Many of us dream about chucking our "day jobs" and starting a business that would allow us to focus all of our time and energy on something we really love - something we have a deep, deep passion for. For most of us, it's just a dream. But Yuki Nakagawa decided to stop just dreaming. She, and her group, gave up their "day jobs", and have committed all their time and energy to making RT Corporation the leading robot school in Japan, and eventually perhaps the world.
Starting a new business is always risky. That's doubly true when the market you center your business around is just starting to grow and gain public awareness. It takes a lot of courage, focus, and determination to succeed. And, it's very clear that Nakagawa-san and the RT employees have what it takes.
Even here in Japan, the birthplace of Robo-One and other world class robot movements, it's still very early days. In many ways, it's like the Menlo Park area in Northern California in the late 1970's when hobbyists turned business people were just starting to prove that personal computers really were possible, and might eventually become mainstream. Once again, it's the experimenters and hobbyists that are leading the revolution, only this time the location is Japan, and the rallying flag isn't a PC, it's a Personal Robot.
Nakagawa-san has a vision. She firmly believes robotics is the way forward, and that a lot of the innovation and change will take place here in Japan. She also recognizes, from personal experience, that getting started with biped robots is a challenge for most people, even people with a lot of technical background. It requires getting familiar with concepts and techniques like servo mechanisms, linkages, controllers, remote controls, and software. Most people with a interest in robotics can quickly understand and master the concepts, but they usually need some help, some advice, some encouragement, and some training.
Nakagawa-san (second from left) and some of the robot enthusiasts
that gather at RT to exchange ideas and pit their robots against each other.
With that in mind, Nakagawa established RT Corporation, just a few minutes walk from the Akihabara JR train station. The company serves primarily as a training school for people that want to build a biped robot. The current class schedule offers regularly scheduled two day courses that take the student through the entire process of constructing, adjusting, and understanding how to program the Kondo KHR-1 robot. The course is extremely comprehensive and totally hands-on. And, it's getting high marks and kudos from RT students that include a large cross-section of the population including young and old, male and female, from all walks of life - not just geeks.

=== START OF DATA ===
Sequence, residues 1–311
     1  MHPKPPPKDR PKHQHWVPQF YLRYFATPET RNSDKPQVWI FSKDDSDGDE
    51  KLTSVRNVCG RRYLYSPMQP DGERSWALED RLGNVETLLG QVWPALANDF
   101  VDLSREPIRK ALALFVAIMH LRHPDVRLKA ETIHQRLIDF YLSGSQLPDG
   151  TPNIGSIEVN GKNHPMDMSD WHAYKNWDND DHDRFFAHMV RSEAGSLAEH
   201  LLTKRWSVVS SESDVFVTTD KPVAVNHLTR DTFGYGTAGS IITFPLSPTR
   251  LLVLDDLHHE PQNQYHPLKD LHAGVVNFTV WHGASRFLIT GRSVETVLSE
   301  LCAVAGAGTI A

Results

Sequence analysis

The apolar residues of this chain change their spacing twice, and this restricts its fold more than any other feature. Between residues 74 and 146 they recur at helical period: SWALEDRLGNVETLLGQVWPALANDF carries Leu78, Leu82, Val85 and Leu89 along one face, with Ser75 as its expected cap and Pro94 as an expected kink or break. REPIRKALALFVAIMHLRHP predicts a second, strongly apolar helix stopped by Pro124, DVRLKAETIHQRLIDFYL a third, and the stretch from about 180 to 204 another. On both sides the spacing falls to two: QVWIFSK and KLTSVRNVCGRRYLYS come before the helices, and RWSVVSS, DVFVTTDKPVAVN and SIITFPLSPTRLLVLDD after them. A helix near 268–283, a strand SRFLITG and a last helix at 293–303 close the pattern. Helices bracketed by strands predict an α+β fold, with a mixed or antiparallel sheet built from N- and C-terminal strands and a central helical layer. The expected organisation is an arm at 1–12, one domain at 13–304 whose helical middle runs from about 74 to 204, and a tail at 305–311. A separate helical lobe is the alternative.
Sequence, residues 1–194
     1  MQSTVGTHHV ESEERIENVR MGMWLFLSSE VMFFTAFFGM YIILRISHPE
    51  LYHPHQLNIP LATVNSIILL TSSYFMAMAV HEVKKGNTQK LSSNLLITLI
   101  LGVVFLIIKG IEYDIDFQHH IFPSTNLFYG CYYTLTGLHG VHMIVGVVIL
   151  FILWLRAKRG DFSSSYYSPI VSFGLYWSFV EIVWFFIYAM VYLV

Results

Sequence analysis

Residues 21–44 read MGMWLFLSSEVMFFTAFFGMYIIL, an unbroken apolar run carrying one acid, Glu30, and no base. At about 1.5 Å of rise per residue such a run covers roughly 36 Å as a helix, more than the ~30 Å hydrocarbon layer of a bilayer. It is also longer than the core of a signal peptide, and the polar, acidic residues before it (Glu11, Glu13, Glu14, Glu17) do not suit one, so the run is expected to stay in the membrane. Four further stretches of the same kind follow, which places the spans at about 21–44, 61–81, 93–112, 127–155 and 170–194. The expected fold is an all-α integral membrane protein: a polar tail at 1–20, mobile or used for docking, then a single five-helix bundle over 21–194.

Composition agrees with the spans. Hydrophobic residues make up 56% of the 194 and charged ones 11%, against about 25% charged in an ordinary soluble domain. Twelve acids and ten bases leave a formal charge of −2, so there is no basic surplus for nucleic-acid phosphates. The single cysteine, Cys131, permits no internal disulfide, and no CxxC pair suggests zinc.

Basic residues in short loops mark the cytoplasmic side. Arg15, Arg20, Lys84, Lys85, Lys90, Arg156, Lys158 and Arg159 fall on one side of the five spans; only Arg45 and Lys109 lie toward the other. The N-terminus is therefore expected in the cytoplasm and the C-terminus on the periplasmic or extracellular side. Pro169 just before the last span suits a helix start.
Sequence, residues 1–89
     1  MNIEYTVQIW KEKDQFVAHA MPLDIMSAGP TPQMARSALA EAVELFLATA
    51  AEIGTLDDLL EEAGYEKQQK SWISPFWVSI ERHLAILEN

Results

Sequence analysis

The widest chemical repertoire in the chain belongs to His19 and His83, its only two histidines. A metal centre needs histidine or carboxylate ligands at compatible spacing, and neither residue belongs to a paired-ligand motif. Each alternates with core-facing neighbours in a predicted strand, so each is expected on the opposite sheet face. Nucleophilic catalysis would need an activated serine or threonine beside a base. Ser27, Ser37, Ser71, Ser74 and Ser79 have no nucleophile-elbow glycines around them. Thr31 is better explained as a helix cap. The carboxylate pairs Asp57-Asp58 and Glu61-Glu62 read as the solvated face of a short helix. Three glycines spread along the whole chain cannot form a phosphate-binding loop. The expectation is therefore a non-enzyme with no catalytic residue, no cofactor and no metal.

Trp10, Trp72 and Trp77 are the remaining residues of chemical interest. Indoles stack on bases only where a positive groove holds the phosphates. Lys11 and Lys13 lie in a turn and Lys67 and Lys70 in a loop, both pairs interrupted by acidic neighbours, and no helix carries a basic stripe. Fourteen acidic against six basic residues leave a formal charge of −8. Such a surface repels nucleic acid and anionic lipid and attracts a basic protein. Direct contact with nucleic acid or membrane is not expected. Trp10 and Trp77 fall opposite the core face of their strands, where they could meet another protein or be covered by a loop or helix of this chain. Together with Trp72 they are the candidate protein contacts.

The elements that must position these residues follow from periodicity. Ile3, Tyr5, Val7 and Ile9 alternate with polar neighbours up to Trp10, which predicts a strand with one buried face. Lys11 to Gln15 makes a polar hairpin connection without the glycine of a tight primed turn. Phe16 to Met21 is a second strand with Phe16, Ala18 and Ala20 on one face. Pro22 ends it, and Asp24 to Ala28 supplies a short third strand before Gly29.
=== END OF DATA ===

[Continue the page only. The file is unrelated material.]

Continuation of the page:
Another main objective that Nakagawa-san has for RT is to serve as a resource and focal point for the robotics community here. She learned from her students and friends how much latent need there was for a place where people can gather to share common interests, techniques, learnings, and just be with others that have a similar dream.
RT is rapidly becoming known as a center for robot builders
experimenters and enthusiasts. Some of the folks we met
this particular Sunday evening at RT traveled all the way
from Osaka (about 400 miles by train) just to participate.
To support that objective, RT has it's own regulation Robo-One ring that it makes available for entrants, and others, to use in preparation for competitions. It also organizes practice sessions where you can have your robot actually try its moves against another robot instead of a water filled PET bottle at home. When the Robo-One J and Robo-One 9 competitions took place in Tokyo last month, RT stayed open late at night just so people could use their ring to practice and prepare for the events. And, RT has put on really interesting special interest meetings from time to time that we'll report more about in later posts here on Robots Dreams.
The Japan Tent team is only one
of many Robo-One competitors that
used the RT practice ring to prepare
for their battle in the ring, and proudly
wore the RT rabbit sticker.
RT also sells robot kits and accessories via their school and the RT Online Shop, including a novel robot arm or claw that was featured on the popular Make website.
The 'Armatron'-like robot claw developed and marketed by RT
RT Corporation Website (English)
RT Corporation Website (Japanese)
Robot Arm (Claw) Developed By RT Looks like Armatron on steroids!